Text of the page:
How do I travel?
Some basics about me and how and why I travel, first.
I work from home, as a freelance translator, which gives me quite bit of freedom to decide when I’m on holiday and when I am not. This also means I work often days that are way too long, not to mention weekends and official holidays when everyone else is at home, enjoying… well, enjoying whatever it is they do when they are not working. I’ve been doing this for several years now, and still have not quite got the hang of this “just say no” thing that I’ve heard such good things about.
Yet the long days and weekends spent working also mean I get paid enough to travel relatively whimsically. Since no one but me decides my holidays, I can just book flights to spend some 8 days (plus 2 days spent traveling there and back) in Japan only 2.5 months before actually going. (More about said Japan trip later, as that happened in May.)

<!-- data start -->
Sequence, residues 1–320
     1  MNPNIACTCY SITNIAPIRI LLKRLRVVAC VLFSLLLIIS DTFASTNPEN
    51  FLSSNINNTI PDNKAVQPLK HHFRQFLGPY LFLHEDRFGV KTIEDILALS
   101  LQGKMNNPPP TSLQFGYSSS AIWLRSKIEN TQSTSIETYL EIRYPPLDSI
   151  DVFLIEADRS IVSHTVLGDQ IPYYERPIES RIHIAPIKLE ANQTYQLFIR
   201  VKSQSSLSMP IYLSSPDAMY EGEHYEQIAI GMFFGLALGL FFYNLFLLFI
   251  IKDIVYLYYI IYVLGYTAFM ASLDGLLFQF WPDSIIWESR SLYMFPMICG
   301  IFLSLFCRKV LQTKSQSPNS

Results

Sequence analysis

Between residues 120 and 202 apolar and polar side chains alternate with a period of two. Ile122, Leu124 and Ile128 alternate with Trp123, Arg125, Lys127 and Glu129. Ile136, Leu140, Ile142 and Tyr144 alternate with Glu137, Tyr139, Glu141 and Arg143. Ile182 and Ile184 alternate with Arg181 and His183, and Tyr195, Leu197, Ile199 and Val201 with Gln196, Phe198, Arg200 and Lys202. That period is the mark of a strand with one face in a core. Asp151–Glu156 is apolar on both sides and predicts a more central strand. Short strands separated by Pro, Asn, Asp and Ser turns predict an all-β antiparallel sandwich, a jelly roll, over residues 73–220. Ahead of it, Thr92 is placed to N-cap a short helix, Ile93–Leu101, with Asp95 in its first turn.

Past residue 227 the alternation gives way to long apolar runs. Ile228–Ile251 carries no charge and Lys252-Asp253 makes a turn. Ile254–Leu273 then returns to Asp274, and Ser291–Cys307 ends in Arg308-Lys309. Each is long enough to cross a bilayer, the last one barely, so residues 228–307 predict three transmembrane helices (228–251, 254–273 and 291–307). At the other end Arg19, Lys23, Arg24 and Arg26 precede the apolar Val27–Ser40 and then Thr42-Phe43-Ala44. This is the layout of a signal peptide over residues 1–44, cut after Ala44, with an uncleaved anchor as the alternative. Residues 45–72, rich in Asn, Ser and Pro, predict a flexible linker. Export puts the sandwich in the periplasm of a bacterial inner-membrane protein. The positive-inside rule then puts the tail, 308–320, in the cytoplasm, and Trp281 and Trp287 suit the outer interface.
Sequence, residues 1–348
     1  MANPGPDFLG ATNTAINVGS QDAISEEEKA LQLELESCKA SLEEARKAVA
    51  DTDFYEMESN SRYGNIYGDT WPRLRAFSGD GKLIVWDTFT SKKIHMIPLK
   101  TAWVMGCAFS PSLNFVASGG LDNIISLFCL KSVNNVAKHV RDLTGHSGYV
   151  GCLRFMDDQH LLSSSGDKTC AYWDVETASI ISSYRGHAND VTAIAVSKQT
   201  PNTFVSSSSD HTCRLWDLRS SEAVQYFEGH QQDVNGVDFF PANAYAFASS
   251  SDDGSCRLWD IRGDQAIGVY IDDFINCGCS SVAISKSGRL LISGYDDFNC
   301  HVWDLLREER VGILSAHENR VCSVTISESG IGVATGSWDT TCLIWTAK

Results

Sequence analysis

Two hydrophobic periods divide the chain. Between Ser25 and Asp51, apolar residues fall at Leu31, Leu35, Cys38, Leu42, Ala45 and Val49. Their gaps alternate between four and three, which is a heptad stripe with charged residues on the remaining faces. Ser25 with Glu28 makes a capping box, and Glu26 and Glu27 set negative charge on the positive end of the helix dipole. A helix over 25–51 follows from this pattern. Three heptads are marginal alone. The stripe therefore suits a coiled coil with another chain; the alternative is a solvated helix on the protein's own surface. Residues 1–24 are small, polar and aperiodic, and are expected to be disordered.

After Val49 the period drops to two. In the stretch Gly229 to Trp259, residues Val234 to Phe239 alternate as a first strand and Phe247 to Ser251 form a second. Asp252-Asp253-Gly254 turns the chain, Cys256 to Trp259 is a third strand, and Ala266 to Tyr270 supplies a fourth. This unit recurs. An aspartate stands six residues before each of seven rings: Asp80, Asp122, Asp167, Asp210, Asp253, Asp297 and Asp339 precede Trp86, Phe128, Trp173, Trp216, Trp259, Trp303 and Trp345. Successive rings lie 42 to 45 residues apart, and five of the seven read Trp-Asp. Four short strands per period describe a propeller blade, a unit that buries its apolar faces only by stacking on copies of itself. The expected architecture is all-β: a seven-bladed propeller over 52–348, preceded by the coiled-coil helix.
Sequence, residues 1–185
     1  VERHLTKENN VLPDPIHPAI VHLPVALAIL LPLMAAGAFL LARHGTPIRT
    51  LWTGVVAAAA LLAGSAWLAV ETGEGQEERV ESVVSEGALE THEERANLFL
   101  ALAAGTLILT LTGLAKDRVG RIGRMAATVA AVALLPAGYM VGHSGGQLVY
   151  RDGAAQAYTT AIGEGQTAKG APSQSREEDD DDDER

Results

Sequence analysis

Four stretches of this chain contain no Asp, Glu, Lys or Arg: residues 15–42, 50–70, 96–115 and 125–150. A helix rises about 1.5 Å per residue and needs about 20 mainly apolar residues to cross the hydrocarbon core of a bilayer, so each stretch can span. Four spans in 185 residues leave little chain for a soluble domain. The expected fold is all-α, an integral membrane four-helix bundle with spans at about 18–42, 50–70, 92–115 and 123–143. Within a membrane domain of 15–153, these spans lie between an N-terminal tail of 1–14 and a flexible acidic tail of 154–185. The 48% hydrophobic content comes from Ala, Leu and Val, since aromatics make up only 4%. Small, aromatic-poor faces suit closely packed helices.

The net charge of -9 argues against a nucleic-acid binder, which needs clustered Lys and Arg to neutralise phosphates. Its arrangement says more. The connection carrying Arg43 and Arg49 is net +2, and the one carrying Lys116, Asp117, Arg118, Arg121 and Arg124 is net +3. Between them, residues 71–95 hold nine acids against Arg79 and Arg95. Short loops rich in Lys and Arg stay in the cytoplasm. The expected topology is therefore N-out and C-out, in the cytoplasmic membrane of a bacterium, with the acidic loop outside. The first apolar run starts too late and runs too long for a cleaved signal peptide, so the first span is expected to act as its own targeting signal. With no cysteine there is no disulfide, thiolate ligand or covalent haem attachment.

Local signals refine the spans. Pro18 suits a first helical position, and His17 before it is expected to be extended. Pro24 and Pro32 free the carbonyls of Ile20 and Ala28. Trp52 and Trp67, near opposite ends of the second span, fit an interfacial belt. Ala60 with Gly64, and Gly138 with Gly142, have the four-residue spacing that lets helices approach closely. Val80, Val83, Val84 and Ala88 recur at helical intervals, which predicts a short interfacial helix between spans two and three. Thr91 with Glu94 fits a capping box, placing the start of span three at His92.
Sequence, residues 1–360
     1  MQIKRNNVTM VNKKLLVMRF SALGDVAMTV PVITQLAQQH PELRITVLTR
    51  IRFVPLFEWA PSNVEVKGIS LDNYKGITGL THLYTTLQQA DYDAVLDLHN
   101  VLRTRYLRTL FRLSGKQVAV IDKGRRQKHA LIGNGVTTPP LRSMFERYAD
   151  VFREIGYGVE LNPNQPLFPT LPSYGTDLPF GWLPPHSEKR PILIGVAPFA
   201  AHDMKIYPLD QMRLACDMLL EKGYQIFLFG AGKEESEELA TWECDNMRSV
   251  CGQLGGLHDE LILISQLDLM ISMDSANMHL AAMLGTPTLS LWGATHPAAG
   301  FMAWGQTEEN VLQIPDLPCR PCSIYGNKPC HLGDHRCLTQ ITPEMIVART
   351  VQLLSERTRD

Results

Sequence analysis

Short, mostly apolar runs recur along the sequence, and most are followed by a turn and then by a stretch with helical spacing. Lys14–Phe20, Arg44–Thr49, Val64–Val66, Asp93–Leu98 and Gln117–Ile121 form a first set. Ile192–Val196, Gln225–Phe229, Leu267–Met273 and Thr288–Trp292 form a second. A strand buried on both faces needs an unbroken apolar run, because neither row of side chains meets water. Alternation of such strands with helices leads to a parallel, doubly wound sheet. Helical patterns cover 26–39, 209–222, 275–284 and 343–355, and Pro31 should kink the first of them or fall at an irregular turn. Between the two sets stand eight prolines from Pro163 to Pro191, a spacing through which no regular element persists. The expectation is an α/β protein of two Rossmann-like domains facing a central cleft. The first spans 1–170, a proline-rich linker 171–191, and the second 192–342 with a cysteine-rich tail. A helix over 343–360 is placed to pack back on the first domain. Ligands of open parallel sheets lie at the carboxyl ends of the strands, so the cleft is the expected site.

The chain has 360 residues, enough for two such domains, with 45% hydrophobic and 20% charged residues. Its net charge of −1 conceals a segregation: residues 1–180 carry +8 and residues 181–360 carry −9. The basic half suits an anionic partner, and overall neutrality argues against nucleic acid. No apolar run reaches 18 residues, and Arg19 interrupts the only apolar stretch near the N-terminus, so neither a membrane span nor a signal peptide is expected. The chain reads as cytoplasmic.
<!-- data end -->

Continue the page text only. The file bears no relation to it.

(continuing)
This also means I mostly travel alone. Most people cannot just decide “oh I’m going to take two weeks off on these dates!” without at least consulting their boss or whoever decides when they have their holidays. And generally those cheap flight prices do not last forever, either, so see-sawing between “should I go should I stay” (dang, I know that song for YEARRRRS and now it still always makes me think of Stranger Things and nothing else…) for days on end is not really possible. A case in point: Me and my boyfriend noticed that you could get to Toronto relatively cheaply at the end of June, but the prices went up by some 200 euros per person before he got confirmation from work that he actually can go. This means the flights to Toronto were more expensive than my flights to Tokyo, even if there was approximately the same time between the booking itself and the actual flight dates.
So why do I travel so much? Well, my bucket list of places I want to see seems to get longer all the time, no matter how many trips I go on. I’m very interested in different cultures and languages (which, I guess, is partially why I ended up being a translator, but does not mean I dare to speak any other language than Finnish or English without panicking), nerdy things (which made Japan an obvious destination), different kinds of foods, and environments that are different from my own.